Well i've just finished the book and I would have to agree with the opinions offered by my esteemed collegues here on PaddyWop. Humans are selfish bags of water whose sole aim in life is to live longer and more lavishly than his neighbour, and if that means being cruel or even taking a life, we find a way to justify it by convincing ourselves that the meaning, and the reason for living is surviving and anything we do in the name of survival is alright. I got the impression while reading that Kosinski felt that humans are the bane of the earth and they have even corrupted the natural world; such as the story of how Lekh took revenge on a stork which ultimately led to its death. Man is fundamentally cruel; in his experiences in the countryside Kosinski came across people who did'nt want to aspire to any 'superman' status, instead he is content to just suvive while cloaking himself in superstition as a means of enhancing some lives while condeming others to misery. Kosinski highlighted that, especially in times of war, everything is decay and decaying and those who live in those times are either decaying or feeding off the decay. On a less depressing note, however, I also think there was a somewhat positive tone, especially toward the end. The episode when he jumped under trains and the feeling he got from that plus his feelings about revenge, were interpreted by me as saying that the best revenge to get on anyone, any god even life itslef, is imply to live and enjoy life and to make it fulfilling.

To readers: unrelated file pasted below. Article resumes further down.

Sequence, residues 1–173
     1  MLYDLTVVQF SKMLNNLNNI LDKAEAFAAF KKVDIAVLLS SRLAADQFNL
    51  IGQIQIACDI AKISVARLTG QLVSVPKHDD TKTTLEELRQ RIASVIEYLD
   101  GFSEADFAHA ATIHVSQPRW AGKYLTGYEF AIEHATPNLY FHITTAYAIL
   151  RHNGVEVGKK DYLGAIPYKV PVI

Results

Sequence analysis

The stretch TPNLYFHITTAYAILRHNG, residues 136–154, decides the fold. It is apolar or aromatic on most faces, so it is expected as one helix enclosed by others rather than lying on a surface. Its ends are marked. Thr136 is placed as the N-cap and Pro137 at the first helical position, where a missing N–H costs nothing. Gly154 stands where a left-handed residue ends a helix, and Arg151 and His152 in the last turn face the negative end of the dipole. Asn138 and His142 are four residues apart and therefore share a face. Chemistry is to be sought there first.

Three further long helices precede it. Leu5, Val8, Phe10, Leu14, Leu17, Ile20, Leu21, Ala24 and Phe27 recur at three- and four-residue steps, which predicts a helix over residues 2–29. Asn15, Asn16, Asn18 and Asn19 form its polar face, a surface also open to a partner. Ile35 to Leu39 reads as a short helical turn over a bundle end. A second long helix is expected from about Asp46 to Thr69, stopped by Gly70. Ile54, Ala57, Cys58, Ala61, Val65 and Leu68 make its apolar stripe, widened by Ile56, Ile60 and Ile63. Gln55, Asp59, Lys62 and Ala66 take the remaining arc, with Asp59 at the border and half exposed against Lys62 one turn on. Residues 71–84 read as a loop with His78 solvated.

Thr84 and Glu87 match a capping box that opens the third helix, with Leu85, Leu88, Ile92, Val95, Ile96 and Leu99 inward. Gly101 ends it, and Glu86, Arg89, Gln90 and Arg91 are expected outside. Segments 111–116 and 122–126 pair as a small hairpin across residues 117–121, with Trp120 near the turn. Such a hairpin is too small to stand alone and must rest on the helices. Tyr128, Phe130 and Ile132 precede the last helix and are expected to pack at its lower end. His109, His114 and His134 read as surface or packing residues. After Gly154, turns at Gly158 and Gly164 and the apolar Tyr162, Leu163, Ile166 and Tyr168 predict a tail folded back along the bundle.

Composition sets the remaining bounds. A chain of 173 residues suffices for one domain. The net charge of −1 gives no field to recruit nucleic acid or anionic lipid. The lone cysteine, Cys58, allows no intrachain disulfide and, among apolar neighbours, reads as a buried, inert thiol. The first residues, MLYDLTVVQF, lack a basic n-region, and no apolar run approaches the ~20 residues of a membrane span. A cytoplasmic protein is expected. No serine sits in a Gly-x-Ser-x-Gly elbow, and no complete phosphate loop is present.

I'm not sure whether I would consider it to be a great book, not on the surface anyway, but it did raise some interesting philosophical questions. Nor would I consider it to be simply an example of twisted Holocaust-ponro because any book that can provoke the type of complex thought that this book obviously did is worthy of a better description. I was wondering, though what conclusions people drew on the superstition and religion in the book? Are they one in the same?
Finally I would also like to commend Paddy on the most fitting and beautiful eulogy he wrote for the Nanny's below. Ne'er a more fitting wrtiten send off could anyone hope for, nor was there ever anyone more fitting than Nanny.